Municipal leaders in Collingwood and New Tecumseth said they found it “shocking” that the lowest bid for the expansion of the Raymond A. Barker Water Treatment Plant came in at nearly double what they had planned, and could take two years longer to build.
The joint September statement issued by Collingwood Mayor Yvonne Hamlin and New Tecumseth Mayor Richard Norcross says they realize that the water and wastewater construction projects “have been hit hard” by ongoing supply shortages, increased construction costs, and shortages of skilled workers.
Still, the mayors were disappointed to likely miss their 2026 timeline for the plant’s expansion, while at the same time needing to come up with extra funding to meet a low bid that could ultimately cost in the range of $270 million. Just a year ago, the expansion estimate was $121 million.
“This is shocking news,” says a joint statement from the mayors. “When we received the estimates early last year, we knew they could change but did not expect increases of this magnitude. The global economy is still adjusting to a new post-pandemic reality.”
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This is not the first time the project’s cost has doubled. In spring of 2022, Collingwood council received an updated estimate from Town staff that raised costs from $65 million to $120.9 million to reflect the project’s changes in scope.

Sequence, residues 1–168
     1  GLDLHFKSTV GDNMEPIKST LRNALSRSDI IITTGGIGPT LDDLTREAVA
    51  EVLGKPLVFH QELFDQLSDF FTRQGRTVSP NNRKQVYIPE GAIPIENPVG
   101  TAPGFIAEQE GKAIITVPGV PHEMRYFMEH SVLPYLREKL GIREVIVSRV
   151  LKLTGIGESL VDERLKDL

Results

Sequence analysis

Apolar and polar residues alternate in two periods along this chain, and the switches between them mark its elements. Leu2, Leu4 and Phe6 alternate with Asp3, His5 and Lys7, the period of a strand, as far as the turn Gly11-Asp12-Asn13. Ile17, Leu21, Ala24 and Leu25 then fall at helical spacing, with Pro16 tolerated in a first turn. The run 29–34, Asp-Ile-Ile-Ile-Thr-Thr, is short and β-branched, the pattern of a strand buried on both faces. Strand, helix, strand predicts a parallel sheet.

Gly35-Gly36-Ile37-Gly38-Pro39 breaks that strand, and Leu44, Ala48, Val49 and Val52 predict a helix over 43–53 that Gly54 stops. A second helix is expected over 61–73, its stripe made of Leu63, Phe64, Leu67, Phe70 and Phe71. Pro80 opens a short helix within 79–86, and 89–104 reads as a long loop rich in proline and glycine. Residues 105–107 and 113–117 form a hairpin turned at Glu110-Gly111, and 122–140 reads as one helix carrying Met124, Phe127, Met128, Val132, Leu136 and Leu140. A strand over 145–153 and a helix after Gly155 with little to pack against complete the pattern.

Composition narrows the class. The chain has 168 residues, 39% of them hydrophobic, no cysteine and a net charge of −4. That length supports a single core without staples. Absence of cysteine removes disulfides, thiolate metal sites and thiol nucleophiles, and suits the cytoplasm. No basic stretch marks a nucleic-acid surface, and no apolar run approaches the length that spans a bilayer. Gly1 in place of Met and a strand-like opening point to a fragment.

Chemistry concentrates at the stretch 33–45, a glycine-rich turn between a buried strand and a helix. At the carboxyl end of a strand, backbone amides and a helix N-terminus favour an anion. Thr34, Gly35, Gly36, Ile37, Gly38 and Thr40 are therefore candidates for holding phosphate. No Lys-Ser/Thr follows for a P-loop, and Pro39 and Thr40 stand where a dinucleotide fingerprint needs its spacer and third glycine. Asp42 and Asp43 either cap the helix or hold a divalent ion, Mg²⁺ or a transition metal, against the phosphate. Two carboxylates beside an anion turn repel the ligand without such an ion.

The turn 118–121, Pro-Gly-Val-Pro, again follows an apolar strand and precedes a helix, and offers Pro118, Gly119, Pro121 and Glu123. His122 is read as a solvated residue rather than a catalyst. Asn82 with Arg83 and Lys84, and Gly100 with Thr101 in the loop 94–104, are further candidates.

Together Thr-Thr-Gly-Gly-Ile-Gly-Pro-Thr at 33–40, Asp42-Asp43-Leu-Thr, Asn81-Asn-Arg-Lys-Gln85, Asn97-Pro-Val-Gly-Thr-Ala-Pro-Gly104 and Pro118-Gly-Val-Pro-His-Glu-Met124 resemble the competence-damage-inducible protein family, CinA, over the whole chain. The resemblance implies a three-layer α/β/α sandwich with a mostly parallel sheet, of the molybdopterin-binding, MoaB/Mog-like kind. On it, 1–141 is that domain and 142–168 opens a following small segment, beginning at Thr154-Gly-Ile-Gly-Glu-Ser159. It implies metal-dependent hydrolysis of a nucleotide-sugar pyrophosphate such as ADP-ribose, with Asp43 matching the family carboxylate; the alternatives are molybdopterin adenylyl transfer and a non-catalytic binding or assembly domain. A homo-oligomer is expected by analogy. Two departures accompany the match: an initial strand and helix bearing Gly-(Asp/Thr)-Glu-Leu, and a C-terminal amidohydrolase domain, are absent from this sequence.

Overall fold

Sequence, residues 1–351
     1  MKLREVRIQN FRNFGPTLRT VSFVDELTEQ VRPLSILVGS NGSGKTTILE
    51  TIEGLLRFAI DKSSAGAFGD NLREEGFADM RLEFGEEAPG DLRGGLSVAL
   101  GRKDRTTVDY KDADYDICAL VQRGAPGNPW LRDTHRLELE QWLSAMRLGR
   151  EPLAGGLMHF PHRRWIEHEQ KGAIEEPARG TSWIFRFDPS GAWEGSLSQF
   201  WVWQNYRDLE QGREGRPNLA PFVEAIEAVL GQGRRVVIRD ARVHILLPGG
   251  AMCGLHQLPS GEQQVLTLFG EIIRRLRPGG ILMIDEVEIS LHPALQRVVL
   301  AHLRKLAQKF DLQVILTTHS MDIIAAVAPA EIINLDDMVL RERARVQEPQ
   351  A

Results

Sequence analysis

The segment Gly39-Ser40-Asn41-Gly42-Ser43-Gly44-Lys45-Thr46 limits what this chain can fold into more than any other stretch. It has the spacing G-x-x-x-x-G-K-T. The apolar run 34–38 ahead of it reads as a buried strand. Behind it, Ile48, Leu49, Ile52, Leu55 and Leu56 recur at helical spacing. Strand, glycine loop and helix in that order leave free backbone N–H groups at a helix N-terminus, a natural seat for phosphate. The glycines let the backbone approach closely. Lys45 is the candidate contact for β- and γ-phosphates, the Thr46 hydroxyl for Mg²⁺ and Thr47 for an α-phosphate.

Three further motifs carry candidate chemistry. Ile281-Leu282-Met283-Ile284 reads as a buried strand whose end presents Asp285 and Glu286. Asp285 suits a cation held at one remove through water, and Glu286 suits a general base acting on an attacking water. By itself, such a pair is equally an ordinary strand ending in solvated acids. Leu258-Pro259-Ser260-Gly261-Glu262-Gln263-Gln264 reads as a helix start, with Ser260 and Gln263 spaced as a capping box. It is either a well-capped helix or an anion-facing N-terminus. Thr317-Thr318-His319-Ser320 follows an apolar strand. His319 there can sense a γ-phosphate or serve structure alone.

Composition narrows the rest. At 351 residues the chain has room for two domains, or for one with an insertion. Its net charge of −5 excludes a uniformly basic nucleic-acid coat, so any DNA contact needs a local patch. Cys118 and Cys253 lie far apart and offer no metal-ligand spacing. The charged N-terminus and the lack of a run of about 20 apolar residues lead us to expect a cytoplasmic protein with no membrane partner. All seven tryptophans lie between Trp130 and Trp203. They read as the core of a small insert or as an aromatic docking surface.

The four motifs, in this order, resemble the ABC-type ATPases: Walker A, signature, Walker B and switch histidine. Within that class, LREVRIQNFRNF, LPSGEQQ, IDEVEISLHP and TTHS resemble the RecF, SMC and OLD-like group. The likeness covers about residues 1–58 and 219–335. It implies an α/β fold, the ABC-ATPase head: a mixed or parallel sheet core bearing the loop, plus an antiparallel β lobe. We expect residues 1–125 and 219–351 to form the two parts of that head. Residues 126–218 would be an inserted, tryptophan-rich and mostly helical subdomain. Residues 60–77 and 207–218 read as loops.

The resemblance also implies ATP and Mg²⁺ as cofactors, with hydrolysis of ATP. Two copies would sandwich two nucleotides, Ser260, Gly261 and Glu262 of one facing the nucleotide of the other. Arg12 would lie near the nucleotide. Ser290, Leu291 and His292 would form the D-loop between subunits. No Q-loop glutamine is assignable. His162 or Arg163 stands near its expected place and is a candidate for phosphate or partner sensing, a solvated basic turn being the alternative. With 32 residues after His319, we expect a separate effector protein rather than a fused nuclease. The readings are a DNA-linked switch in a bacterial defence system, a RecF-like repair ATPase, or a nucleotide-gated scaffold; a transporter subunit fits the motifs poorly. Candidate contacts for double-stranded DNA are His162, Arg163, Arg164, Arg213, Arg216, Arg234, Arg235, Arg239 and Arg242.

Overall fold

Phase one of the Collingwood water treatment plant’s expansion will increase capacity from 32,000 to 59,000 cubic metres per day. The design includes interim installation of UV disinfection; a new membrane and UV disinfection building; expansion of the high-lift pumping facilities; repurposing the existing membrane building for additional chlorination, administration and storage; and climate mitigation, including site and shoreline improvements.
Local officials say the expansion of the Raymond A. Barker Water Treatment Plant is integrally tied to the ability of the two communities to expand their populations. For more than two decades, Collingwood has piped water to a reservoir in New Tecumseth. The water-sharing agreement arose out of support for the construction of the sprawling Honda manufacturing plant expansion in Alliston, Ontario.
In 2021, Collingwood officials confirmed that the demand for drinking water exceeded the supply. This led to an Interim Control Bylaw that restricted development which did not already have a building permit, in part to conserve water.